From: rusin@vesuvius.math.niu.edu (Dave Rusin)
Newsgroups: sci.math
Subject: Re: 17th roots of 1
Date: 1 Jul 1998 20:37:59 GMT
In article , Lee Davidson wrote:
>Let R+ = sqrt(17+4sqrt(17)), R- = sqrt(17-4sqrt(17)). Then this
>expression occurs in the step from quartics to quadratics:
>
>sqrt( 1/4 * ( R+- +- 1 )( R+- +- sqrt(17) ) )
>
>+- signs depend on the roots you're looking at.
>
>I tried looking for some way to write the expression within the outer
>sqrt as a perfect square, but couldn't find any. Is this the simplest
>way of writing this? It's pretty simple already, actually, considering.
You want to know whether the numbers
( 1/4 * ( R+- +- 1 )( R+- +- sqrt(17) ) )
are perfect squares -- but in what ring did you mean this?
Note that ((R+-)^2 - 17)/(+-4) = sqrt(17)
so that sqrt(17) already lies in the rings Q[ R+ ] and Q[ R- ]. Moreover,
(R+)(R-) = sqrt(17^2 - 4^2*17) = sqrt(17), so that each of these rings
contain the generator of the other, that is Q[ R+ ] = Q[ R- ].
Now you are asking whether certain elements of this ring are squares.
I take it you mean, are they the squares of other elements in this ring.
Well, if x = y^2 then norm(x)= norm(y)^2, but if I've calculated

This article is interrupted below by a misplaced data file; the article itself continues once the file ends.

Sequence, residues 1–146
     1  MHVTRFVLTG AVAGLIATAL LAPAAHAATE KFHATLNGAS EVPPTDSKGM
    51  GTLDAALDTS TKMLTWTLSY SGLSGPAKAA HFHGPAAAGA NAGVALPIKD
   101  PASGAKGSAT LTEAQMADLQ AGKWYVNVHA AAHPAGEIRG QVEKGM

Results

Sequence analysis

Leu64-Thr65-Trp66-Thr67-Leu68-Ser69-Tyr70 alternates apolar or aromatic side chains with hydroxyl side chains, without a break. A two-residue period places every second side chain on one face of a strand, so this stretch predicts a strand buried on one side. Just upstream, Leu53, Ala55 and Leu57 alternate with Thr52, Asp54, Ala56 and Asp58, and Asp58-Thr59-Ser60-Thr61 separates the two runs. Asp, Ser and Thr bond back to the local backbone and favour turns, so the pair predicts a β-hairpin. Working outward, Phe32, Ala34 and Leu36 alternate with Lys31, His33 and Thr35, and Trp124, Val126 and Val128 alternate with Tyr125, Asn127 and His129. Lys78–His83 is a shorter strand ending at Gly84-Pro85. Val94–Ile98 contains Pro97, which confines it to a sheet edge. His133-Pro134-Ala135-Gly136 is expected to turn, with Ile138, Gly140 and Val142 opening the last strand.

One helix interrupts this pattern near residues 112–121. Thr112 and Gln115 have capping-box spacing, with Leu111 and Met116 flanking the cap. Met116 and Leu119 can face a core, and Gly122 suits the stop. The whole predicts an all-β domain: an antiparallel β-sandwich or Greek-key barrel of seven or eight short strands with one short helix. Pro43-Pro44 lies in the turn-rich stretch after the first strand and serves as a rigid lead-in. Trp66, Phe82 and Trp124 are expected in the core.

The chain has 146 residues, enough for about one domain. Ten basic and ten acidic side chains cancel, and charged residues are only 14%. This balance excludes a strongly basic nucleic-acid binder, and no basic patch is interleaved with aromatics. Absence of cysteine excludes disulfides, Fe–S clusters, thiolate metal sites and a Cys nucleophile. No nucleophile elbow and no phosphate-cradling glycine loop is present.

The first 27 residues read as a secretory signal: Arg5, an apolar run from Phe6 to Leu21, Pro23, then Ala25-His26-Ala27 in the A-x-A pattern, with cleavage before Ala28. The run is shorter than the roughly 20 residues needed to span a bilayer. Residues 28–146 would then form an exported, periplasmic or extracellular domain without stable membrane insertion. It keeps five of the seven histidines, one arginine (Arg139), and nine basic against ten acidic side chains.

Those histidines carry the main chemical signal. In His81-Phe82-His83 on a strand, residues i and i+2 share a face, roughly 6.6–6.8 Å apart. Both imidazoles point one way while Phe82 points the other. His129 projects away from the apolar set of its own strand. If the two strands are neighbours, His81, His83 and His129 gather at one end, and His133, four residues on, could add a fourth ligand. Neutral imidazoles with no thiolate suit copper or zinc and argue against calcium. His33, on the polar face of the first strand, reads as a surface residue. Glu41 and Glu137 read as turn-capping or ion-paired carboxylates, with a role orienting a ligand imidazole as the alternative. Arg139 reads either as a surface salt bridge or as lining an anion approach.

correctly, these elements x have norm 17, not a square. So x is
not a square in this ring.
(You can calculate the norm in stages: it's norm = norm1 o norm2 where
these new functions are the norms to and from the intermediate field
Q[sqrt(17)]. Since each is a quadratic extension, each norm(X) is computed
by multiplying X * X', where X' is obtained from X by changing
the sign of the generator R+ or sqrt(17), respectively. In maple:
( 1/4 * ( Ra + ep1 )*( Rb + ep2* sqrt(17) ) );
"*subs({Ra=-Ra,Rb=-Rb},");
expand(");
simplify(",{ep1^2=1,ep2^2=1});
2 2
1/16 (Ra - 1) (Rb - 17)
simplify(",{Ra^2=17+4*ep1*sqrt(17),Rb^2=17-4*ep2*sqrt(17)});
1/2
-17 ep1 ep2 - 4 ep2 17
#(That's now norm2(x) lying in the intermediate field. Now repeat.)
"*subs(sqrt(17)=-sqrt(17),");
expand(");
simplify(",{ep1^2=1,ep2^2=1});
17
dave